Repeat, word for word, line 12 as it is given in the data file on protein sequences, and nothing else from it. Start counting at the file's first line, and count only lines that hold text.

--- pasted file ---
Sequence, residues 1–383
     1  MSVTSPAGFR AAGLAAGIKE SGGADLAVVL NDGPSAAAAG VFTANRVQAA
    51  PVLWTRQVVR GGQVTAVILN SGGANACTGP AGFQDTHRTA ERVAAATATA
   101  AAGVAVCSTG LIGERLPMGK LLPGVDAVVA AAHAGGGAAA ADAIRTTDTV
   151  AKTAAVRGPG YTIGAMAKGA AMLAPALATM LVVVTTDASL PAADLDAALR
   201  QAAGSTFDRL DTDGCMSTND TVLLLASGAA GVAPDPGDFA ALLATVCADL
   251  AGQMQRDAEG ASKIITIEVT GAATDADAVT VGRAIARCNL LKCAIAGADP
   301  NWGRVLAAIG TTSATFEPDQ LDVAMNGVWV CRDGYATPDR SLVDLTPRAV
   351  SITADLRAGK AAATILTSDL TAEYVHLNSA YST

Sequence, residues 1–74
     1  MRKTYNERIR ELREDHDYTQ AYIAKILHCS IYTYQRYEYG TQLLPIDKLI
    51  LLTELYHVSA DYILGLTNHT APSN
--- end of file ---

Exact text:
    51  LLTELYHVSA DYILGLTNHT APSN